Search of sequence databases with uninterpreted high-energy collision-induced dissociation spectra of peptides

  • John R. Yates
  • Jimmy K. Eng
  • Karl R. Clauser
  • Alma L. Burlingame
Articles

Abstract

We have broadened the utility of the SEQUEST computer algorithms to permit correlation of uninterpreted high-energy collision-induced dissociation spectra of peptides with all sequences in a database. SEQUEST now allows for the additional fragment ion types observed under high-energy conditions. We analyzed spectra from peptides isolated following trypsin digestion of 13 proteins. SEQUEST ranked the correct sequence first for 90% (18/20) of the spectra in searches of the OWL database, without constraint by enzyme cleavage specificity or species of origin. All false-positives were flagged by the scoring system. SEQUEST searches databases for sequences that correspond to the precursor ion mass ±0.5 u. Preliminary ranking of the top 500 candidates is done by calculation of fragment ion masses for each sequence, and comparison to the measured ion masses on the basis of ion series continuity, summed ion intensity, and immonium ion presence. Final ranking is done by construction of model spectra for the 500 candidates and constructing/performing of a cross-correlation analysis with the actual spectrum. Given the need to relate mounting genome sequence information with corresponding suites of proteins that comprise the cellular molecular machinery, tandem mass spectrometry appears destined to play the leading role in accelerating protein identification on the large scale required.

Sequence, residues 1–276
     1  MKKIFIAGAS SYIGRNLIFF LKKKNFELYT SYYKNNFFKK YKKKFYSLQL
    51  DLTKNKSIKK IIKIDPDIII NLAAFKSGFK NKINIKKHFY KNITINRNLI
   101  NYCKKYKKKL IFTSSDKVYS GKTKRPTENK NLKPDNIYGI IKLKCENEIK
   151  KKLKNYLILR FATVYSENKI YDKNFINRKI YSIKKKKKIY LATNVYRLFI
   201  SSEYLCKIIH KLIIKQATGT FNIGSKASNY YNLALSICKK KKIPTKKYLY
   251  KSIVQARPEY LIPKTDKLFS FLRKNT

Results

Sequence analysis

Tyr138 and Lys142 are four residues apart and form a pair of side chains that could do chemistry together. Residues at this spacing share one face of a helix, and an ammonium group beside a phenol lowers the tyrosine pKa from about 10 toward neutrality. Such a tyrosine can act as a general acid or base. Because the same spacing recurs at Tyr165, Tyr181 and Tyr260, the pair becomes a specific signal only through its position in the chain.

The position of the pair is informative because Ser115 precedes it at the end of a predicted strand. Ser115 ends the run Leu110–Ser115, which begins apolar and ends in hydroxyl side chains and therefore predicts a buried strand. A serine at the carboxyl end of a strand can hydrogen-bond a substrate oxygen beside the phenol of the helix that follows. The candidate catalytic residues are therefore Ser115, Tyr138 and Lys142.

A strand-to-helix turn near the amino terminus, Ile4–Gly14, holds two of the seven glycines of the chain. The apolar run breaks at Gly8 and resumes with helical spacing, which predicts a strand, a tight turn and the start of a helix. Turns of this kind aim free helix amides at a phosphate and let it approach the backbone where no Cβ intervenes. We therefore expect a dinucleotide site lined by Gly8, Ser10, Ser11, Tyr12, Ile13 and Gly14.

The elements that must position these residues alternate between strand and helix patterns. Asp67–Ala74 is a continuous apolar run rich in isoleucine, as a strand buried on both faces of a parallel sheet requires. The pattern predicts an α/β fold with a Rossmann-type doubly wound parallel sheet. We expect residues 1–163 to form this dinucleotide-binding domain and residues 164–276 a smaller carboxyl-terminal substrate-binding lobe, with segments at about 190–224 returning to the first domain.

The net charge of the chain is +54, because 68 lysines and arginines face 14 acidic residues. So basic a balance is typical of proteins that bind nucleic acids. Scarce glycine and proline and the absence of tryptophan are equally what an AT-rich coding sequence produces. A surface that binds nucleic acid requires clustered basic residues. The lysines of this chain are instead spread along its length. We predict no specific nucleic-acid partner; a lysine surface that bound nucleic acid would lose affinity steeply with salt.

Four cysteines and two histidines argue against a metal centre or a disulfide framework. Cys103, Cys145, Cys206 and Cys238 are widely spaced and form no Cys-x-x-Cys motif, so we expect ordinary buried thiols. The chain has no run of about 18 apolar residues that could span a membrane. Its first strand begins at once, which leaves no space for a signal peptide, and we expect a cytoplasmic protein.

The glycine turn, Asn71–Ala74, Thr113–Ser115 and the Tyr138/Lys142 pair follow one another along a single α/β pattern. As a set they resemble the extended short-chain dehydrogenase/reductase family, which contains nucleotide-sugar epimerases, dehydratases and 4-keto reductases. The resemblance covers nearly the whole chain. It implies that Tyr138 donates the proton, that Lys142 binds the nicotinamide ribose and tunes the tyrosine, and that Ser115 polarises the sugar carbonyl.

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Copyright information

© American Society for Mass Spectrometry 1996

Authors and Affiliations

  • John R. Yates
    • 1
  • Jimmy K. Eng
    • 1
  • Karl R. Clauser
    • 2
  • Alma L. Burlingame
    • 2
  1. 1.Department of Molecular BiotechnologyUniversity of WashingtonSeattleUSA
  2. 2.Department of Pharmaceutical ChemistryUniversity of California SanfranciscoSan FranciscoUSA

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